“They landed one helicopter, unloaded the wounded and it immediately took off,” said Providence public relations director Janet Kemp. “We got another in.”

A third helicopter landed a short distance away in the empty doctors’ parking lot, she said.

“All you could hear were helicopters,” Pool said.” They were all flying around, ready to drop. You didn’t know if we got four or 30 or 40 coming in.”

Hillcrest “received our first agent after 12:30” by ground ambulance, Muhl said. “He was dead, and it was very upsetting to all of us. Then the other agents started coming in. We realized we could do something for them.”

At Providence, Pool’s first patient was also dead on arrival, so she turned to help another group care for their patient.

Providence received three ATF officers. One had minor wounds and could be treated and released. The other was shot in the chest, elbow and abdomen several times.

“He was still coherent when he came here,” Pool said. “He was determined to live. He was crying and wanted to talk to his wife.”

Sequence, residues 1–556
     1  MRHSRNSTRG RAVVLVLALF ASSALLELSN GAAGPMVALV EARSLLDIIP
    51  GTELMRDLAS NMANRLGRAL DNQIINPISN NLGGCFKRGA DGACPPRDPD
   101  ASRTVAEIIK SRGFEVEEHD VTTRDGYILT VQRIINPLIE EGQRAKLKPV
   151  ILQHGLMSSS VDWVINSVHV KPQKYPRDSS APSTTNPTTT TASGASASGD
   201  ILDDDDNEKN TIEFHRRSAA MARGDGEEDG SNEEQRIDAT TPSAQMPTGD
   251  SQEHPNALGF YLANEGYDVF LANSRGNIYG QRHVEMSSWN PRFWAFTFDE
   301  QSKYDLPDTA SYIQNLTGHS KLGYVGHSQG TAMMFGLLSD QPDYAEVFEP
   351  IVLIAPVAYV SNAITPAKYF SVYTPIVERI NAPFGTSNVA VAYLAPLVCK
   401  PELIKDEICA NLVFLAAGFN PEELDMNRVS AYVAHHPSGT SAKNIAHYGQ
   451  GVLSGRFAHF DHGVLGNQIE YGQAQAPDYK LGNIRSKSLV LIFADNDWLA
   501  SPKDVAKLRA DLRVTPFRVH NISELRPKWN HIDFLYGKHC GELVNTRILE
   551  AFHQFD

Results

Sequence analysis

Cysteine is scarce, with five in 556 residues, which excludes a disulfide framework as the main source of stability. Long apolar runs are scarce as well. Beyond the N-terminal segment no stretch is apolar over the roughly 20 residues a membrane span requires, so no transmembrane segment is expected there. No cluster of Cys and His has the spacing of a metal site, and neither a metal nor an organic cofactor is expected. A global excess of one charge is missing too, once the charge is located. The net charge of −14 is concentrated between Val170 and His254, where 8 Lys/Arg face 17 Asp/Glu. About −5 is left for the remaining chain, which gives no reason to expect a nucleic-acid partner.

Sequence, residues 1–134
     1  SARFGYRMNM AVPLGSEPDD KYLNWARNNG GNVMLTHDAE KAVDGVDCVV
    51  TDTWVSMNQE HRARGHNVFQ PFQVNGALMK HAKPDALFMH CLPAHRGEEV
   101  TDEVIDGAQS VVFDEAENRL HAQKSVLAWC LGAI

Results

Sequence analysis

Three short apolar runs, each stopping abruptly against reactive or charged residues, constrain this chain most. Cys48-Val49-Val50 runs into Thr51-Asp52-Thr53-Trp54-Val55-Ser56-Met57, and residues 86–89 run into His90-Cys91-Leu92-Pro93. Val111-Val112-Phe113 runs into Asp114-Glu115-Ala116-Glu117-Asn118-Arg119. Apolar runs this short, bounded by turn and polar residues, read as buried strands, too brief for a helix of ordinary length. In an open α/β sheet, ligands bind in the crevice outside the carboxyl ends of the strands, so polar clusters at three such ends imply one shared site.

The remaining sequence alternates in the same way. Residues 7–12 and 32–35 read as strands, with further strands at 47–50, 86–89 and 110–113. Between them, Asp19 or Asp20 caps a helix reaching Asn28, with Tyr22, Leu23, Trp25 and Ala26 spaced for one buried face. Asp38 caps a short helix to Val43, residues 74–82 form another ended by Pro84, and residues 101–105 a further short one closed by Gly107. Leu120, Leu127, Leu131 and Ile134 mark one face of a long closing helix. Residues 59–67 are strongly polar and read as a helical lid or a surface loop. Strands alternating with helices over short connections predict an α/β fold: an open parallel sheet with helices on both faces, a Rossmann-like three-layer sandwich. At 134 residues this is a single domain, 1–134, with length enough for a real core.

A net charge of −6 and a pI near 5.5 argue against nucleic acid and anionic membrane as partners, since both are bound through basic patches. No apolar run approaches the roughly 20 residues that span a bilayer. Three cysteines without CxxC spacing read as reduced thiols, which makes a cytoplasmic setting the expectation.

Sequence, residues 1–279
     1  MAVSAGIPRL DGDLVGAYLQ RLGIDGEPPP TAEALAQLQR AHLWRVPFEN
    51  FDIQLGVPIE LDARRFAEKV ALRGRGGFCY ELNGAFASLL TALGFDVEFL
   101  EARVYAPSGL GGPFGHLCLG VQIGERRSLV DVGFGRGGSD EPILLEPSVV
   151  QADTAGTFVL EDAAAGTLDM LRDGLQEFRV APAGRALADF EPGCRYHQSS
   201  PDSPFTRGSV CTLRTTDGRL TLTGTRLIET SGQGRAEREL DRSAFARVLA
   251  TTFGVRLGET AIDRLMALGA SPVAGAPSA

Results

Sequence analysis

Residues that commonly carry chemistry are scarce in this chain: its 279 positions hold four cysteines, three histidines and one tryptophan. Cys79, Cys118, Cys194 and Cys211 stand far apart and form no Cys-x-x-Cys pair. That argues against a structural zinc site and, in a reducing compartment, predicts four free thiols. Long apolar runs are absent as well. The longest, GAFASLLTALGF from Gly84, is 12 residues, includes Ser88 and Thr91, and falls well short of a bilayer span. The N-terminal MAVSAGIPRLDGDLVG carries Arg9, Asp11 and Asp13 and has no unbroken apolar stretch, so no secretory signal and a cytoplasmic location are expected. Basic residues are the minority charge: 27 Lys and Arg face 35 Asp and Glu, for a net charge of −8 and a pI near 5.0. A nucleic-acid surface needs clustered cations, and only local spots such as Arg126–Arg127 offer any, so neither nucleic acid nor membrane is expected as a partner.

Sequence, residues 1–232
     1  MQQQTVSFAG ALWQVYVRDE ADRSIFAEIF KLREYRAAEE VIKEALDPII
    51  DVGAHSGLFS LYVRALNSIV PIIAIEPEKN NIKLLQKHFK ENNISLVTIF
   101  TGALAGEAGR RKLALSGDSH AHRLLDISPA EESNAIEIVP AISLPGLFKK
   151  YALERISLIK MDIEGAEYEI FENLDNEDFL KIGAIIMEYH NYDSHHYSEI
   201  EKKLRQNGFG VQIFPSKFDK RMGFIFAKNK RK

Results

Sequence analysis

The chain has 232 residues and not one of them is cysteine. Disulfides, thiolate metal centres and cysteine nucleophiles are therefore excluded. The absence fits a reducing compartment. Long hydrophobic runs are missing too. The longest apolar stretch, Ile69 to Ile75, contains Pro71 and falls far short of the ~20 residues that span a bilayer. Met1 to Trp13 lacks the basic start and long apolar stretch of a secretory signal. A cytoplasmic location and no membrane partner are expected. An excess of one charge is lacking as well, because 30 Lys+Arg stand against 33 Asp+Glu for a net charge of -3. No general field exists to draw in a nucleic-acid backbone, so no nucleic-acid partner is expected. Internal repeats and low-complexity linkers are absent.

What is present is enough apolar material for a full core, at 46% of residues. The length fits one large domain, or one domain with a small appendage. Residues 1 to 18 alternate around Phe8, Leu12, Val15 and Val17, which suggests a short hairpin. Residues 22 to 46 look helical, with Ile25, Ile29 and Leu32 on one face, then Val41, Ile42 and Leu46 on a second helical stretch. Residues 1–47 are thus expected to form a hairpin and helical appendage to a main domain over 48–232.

Hillcrest received a dozen male ATF officers and one female officer. Two were dead on arrival.

“This is probably the most casualties at one time we’ve seen at any one thing I’ve been involved in,” Dr. William Daney, Hillcrest emergency medical director, told reporters on Feb. 28. “I never have seen as many deliberately inflicted gunshot wounds as this, and I’ve been in emergency medicine 15 years.”

“It was incredibly hyper,” remembers Rebecca Adams, an emergency room nurse at Hillcrest. “You could feel the electricity in the air. But it was very organized and incredible. Everything just seemed to click. Things got taken care of in a very timely manner.”

People helped where needed, doing whatever they could. Workers recall seeing doctors performing nursing duties or providing basic treatment outside their usual area of specialty.

“It wasn’t just the nurses,” said Hillcrest vice president Bruce Eady. “The housekeepers were washing the blood off the stretchers. The food service fed the staff, ATF and police officers. It certainly was not just an effort from medical and nursing, it was everybody. It was real impressive.”